Memory: Systems, Process, or Function?

Paperback | January 1, 1999

EditorJonathan K. Foster, Marko Jelicic

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Memory represents a key psychological process. It allows us to recall things from the past which may have taken place hours, days, months, or even many years ago. Our memories are intrinsically personal, subjective, and internal, yet without the primary capacity of memory, other importantactivities such as speech, perception, concept formation, and reasoning would be impossible. The range of different aspects of memory is huge, from our vocabulary and knowledge about language and the world to our personal histories, skills such as walking and talking, and the more simple memorycapacities found in lower animals. Amongst the diversity of memory processes, the principal focus in this volume is the long-term representation of complex associative human memory. This refers to the permanently stored representation of individual items and events. The books in the Oxford Debatesin Psychology series aim to provide students and researchers with a stimulating, self-contained, and balanced summary of the various theoretical and empirical positions that shape the most controversial and contested areas of research. Memory: Systems, Process, or Function? presents a a debate aboutthe cognitive architecture of the human long-term memory system. The individual chapter authors represent some of the leading researchers and theorists in the field. Each chapter concentates upon the central theoretical question of how long-term memory can best be conceptualized. In particular, islong-term memory best regarded as comprising multiple independent systems (each with distict properties and attributes), as a processing framework which can be tapped via different levels of processing, or as a complex fnction which can be used in a flexible and task-appropriate manner? The authorsof each chapter present their own answers to this and related research questions. The book concludes with an integrated synopsis and appraisal of the different facets of this fascinating debate.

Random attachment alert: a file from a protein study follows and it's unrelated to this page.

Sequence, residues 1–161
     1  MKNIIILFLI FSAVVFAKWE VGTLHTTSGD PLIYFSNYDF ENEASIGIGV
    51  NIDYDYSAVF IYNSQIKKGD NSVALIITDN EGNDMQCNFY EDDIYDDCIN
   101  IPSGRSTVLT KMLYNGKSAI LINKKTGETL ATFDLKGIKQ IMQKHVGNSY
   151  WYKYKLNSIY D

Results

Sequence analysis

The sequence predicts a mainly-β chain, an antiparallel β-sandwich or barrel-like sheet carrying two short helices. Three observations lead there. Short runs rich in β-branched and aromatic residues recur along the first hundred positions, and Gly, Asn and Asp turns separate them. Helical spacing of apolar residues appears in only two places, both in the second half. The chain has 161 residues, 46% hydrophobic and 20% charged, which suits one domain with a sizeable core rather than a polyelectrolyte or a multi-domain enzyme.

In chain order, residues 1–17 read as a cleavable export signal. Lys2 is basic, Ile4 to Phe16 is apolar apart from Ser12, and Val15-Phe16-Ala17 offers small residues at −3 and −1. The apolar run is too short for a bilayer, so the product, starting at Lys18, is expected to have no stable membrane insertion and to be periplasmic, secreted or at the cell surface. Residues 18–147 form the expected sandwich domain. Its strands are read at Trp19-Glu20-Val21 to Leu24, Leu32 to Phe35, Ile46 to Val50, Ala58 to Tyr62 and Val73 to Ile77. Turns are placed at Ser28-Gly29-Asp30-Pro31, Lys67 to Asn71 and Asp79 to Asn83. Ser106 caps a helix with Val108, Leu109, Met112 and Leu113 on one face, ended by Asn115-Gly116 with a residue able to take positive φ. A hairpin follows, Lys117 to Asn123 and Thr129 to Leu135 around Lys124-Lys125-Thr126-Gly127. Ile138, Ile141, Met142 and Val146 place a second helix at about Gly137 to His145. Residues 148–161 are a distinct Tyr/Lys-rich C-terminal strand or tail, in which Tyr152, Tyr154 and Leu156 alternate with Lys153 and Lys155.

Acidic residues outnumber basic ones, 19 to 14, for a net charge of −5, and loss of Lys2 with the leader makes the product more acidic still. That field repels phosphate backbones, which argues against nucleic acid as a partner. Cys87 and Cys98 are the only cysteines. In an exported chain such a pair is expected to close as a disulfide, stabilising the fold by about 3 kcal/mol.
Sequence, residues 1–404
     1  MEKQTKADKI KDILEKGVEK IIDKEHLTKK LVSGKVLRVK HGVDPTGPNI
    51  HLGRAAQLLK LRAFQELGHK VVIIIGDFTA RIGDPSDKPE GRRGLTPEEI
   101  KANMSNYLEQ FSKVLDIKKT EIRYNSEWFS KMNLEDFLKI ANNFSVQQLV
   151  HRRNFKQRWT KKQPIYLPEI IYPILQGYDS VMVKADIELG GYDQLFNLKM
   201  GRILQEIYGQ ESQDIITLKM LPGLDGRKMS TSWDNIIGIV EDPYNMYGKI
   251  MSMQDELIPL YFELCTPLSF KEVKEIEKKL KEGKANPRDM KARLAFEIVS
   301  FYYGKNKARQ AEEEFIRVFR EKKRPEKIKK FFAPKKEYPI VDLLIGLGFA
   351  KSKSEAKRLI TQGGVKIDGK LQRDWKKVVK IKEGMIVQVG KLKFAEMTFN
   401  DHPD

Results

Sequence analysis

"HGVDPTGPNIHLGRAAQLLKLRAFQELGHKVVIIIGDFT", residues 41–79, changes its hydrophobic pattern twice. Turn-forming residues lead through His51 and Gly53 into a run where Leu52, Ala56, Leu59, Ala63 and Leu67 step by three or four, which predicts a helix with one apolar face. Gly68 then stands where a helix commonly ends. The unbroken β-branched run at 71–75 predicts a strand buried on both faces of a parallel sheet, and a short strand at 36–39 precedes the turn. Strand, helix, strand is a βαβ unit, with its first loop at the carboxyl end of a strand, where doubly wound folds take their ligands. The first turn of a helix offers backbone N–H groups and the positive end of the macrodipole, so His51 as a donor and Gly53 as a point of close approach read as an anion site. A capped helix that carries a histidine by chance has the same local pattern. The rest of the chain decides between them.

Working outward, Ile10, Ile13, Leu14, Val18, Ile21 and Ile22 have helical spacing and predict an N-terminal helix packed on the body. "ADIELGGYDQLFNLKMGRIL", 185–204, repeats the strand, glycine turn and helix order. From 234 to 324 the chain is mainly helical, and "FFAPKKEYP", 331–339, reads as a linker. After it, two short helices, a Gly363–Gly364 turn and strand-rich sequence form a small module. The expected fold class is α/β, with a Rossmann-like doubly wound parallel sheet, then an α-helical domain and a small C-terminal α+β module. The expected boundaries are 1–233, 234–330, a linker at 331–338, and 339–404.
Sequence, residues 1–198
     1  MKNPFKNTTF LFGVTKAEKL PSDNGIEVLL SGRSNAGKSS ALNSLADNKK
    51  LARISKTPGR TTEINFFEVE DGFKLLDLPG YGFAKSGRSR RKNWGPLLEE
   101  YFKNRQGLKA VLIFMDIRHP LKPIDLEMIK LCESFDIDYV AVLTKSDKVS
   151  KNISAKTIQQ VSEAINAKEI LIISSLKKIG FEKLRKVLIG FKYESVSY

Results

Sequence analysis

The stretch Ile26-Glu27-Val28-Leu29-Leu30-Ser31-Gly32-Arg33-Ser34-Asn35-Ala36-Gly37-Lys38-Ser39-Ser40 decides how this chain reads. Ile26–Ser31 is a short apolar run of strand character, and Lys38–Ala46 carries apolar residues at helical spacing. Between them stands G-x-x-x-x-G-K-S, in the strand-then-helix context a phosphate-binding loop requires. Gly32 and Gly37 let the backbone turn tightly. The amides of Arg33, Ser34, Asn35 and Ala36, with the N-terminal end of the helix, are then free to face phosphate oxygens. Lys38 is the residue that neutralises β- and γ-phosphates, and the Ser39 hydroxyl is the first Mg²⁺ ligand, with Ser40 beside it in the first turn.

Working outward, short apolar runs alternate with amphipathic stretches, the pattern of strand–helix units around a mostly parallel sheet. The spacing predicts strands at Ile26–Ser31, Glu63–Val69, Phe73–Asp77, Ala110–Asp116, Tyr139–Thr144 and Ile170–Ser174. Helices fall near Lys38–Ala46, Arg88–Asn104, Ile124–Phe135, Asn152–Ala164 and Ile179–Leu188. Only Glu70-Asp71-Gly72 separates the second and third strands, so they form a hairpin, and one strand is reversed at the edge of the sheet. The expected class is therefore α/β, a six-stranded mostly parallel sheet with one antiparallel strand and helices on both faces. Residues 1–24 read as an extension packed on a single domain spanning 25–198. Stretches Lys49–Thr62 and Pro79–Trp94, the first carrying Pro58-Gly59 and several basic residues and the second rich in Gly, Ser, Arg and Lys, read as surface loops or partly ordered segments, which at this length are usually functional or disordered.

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Memory represents a key psychological process. It allows us to recall things from the past which may have taken place hours, days, months, or even many years ago. Our memories are intrinsically personal, subjective, and internal, yet without the primary capacity of memory, other importantactivities such as speech, perception, concept f...

Jonathan K. Foster, Department of Psychology, University of Manchester, Oxford Road, Manchester M13 9PL email: foster@psy.man.ac.uk Marko Jelicic, Lamarckhof 5-2, 1098 TJ Amsterdam, The Netherlands

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Format:PaperbackDimensions:310 pages, 9.21 × 6.14 × 0.71 inPublished:January 1, 1999Publisher:Oxford University Press

The following ISBNs are associated with this title:

ISBN - 10:0198524064

ISBN - 13:9780198524069

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Table of Contents

Preface1. J.K. Foster and M. Jelicic: Memory chapers, procedures, and processes2. E. Tulving: Study of memory: processes and systems3. H.L. Roediger, R. Buckner, K.B. McDermott: Components of processing4. R.M. McDonald, A-M. Ergis, and G. Winocur: Functional dissociation of brain regions in learning and memory: evidence for multiple systems5. T.A. Blaxton: Combining disruption and activation techniques to map conceptual and perceptual memory processes in the human brain6. A.R. Mayes: How does the brain mediate our ability to remember?7. M.S. Weldon: The memory chop shop: issues in the search for memory systems8. J.D.E. Gabrieli: The architecture of human memory9. J.P. Toth and R.R. Hunt: Not one versus many, but zero versus any: structure and function in the context of the multiple memory systems debate10. A.J. Parkin: Component processes versus systems: Is there really an important difference?

Editorial Reviews

"Such reading should be of interest to many graduate students as well as active scientists." European Journal of Cognitive Psychology